ADHD Symptoms in Adults & Children2021-02-12T17:07:31-05:00

ADHD Symptoms in Adults & Children

What are the symptoms of ADHD and ADD?

Are there specific signs, habits, quirks, or obvious behaviors?

Short answer: Yes.

What You Should Know About ADHD

We always recommend that you see a doctor for a proper ADHD diagnosis.  But first, there’s something that you can do right now that will make a big difference for you.  It’s a very good idea to understand what the symptoms of Attention Deficit Hyperactivity Disorder are.  Find out what all of the symptoms are. And which of them sound familiar to you.  Not all of them will.  Why?  ADHD involves many parts of the brain, and over 100 suspect genes have been identified.

The screeners and symptoms list in the article below are useful tools to find out what ADHD is. Take your completed screener to your healthcare professional.  The screener is one of the tools an ADHD expert will use in the diagnostic process.  Win – win!  If you’re too excited to wait and read on, we’ve included them here:

Button for download of DSM-5  Button for Adult ADHD Self Report scale Button for Adult ADHD Self Report Screener

 

Young couple struggling with ADHD

Struggling? Could It Be ADHD?

Here’s what you should know:

  • The core symptom of ADHD is Problems With Attention. How does that show up in real life? Forgetfulness, procrastination, overwhelm, disorganization, losing track of things, thoughts, or conversations, tuning out, not listening, and feeling overwhelmed.

This is known as The Predominantly Inattentive Subtype of ADHD. (Some call this ADD for short.)

  • If you also struggle with Hyperactivity and Impulsivity you may have the more familiar version of ADHD, known as The Combined Subtype. (ADHD for short.)

Hyperactivity and Impulsivity may sound vague – It means being restless, mercurial, impatient, overly talkative, super sensitive, driven, fidgety, unable to relax.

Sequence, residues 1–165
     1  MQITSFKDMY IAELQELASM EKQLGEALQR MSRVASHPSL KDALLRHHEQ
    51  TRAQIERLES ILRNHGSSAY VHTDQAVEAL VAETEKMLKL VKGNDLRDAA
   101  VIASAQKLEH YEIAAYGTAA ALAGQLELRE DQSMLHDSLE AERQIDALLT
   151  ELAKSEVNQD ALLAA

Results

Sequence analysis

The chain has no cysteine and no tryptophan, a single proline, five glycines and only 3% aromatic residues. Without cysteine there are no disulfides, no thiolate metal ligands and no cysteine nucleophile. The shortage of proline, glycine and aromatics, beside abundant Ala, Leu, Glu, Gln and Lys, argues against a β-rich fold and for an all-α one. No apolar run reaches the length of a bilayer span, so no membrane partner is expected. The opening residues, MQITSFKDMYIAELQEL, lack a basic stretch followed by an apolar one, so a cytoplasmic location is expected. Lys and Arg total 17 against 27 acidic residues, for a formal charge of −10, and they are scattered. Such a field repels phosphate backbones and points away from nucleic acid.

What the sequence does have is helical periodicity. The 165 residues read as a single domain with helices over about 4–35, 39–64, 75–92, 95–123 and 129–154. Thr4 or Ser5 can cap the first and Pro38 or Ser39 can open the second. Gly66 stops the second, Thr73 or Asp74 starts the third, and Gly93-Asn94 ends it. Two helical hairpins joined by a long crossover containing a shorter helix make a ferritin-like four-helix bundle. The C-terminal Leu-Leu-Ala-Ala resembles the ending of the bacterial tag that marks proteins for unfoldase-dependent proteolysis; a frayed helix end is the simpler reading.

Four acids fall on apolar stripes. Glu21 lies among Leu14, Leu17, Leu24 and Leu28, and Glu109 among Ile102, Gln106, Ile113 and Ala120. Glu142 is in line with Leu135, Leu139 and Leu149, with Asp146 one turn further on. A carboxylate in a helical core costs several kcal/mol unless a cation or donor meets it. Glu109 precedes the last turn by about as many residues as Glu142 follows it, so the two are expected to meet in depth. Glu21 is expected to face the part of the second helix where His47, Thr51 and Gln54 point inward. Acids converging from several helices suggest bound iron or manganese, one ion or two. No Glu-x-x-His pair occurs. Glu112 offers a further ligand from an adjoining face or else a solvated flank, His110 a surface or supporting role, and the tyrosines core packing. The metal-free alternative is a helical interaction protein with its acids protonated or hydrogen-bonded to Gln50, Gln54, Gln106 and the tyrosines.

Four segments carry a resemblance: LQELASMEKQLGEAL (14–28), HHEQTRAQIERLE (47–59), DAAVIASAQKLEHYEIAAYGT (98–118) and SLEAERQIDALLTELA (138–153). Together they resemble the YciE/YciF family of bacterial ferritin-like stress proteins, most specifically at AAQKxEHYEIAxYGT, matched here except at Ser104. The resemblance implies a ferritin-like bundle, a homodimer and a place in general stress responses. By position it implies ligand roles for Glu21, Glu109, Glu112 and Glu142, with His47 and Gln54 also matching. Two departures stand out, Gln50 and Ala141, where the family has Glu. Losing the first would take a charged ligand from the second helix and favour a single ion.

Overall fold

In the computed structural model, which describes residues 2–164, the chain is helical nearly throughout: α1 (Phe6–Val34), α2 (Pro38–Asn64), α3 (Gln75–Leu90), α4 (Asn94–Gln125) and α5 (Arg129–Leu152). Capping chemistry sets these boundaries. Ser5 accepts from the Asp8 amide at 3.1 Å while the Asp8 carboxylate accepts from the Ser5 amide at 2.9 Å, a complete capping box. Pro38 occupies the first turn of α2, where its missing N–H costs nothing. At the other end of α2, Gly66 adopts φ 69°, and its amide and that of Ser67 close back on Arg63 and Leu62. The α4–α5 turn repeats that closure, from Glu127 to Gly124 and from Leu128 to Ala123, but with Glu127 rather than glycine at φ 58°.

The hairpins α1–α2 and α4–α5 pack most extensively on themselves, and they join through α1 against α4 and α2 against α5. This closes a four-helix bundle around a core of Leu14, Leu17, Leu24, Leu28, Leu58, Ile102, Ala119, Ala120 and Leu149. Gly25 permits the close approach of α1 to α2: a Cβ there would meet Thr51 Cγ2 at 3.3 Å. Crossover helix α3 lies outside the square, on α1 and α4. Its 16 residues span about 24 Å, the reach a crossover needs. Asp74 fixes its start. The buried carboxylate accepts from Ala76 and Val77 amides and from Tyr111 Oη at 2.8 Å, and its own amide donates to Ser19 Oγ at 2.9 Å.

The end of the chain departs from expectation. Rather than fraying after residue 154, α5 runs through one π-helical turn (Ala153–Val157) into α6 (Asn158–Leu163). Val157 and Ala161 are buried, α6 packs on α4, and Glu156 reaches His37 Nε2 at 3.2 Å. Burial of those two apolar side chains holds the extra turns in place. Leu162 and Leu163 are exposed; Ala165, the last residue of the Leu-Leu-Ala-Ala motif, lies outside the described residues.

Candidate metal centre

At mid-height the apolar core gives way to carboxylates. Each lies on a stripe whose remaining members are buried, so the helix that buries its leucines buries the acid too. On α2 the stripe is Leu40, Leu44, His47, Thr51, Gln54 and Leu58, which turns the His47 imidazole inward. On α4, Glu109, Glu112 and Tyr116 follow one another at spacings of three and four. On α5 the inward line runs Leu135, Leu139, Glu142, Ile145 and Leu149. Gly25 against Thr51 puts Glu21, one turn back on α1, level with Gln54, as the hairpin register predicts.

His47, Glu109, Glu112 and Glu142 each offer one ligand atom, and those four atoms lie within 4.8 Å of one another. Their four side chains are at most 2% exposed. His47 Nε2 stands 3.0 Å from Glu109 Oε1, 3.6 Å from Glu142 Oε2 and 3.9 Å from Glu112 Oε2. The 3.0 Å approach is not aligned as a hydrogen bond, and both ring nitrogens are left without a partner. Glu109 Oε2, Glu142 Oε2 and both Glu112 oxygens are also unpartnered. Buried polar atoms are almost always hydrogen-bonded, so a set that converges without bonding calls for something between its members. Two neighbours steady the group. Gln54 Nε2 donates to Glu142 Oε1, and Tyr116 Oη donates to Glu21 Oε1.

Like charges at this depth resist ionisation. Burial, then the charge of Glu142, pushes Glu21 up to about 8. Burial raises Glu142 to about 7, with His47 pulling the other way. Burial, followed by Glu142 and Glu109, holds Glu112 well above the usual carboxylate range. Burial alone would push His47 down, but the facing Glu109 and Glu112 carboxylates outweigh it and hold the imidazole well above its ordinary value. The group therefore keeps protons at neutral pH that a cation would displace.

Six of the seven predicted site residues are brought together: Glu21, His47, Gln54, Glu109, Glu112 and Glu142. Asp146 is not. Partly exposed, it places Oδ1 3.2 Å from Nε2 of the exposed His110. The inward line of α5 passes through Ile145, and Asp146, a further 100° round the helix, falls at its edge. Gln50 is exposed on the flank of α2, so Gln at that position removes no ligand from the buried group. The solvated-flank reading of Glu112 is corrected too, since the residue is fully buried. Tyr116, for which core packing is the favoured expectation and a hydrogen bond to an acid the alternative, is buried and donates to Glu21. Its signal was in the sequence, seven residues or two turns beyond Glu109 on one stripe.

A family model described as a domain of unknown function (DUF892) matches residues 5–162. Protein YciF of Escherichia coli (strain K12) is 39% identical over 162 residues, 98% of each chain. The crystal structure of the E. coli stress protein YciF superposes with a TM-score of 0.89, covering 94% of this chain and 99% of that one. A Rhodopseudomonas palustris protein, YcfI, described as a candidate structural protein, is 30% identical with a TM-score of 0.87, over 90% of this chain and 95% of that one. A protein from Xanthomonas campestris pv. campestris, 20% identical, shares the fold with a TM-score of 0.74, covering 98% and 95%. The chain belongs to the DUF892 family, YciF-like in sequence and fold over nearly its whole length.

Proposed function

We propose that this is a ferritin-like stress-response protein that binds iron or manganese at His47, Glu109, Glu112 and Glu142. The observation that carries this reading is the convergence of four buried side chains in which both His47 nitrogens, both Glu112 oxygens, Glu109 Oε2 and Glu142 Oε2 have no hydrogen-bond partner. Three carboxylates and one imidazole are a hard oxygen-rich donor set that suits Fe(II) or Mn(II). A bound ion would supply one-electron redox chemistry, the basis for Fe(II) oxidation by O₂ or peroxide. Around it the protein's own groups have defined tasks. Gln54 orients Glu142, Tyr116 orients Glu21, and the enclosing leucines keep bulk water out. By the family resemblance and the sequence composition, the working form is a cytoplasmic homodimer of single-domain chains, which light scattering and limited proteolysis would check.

As adults, most of us have learned to internalize the agitation and impatience.  And that can be exhausting.

  • Doctors used to think kids grew out of ADHD, but studies have revealed that about 60% of kids diagnosed with ADHD were still struggling with these symptoms as adults. (Source: Weiss G., 1993)
  • If you are an adult who is struggling, it could be ADHD.  ADHD has been well-diagnosed, and even over-diagnosed in children in some places in the past 20 years.  However, many adults were not diagnosed when they were younger.

As more adults understand ADHD symptoms and seek help, people in their 60’s and 70’s are now getting a diagnosed.  They finally have an explanation that makes sense to them.  Many were originally misdiagnosed with Depression, Anxiety, or simply dismissed as lazy, dumb, weak, or unreliable.

  • What looks like ADHD might actually be something else like Depression or Anxiety, or a Thyroid problem. A trained healthcare professional who understands ADHD will be able to help you sort it out.
  • ADHD is situational. What does that mean? Here’s an example.  Blurting things out is helpful if you’re doing improv comedy on stage.  Blurting things out is not helpful if you interrupt someone who is in the middle of sharing a very personal story with you!

ADHD test reveals symptoms and subtype

It’s Not Just a List of Symptoms

Everyone forgets things, loses stuff, gets overwhelmed. What makes it a disorder?

  • The symptoms must be present in childhood. Not just lately, or if you recently started a new job, or quit college, or your marriage ended. (ADHD is strongly genetic. It runs in families.)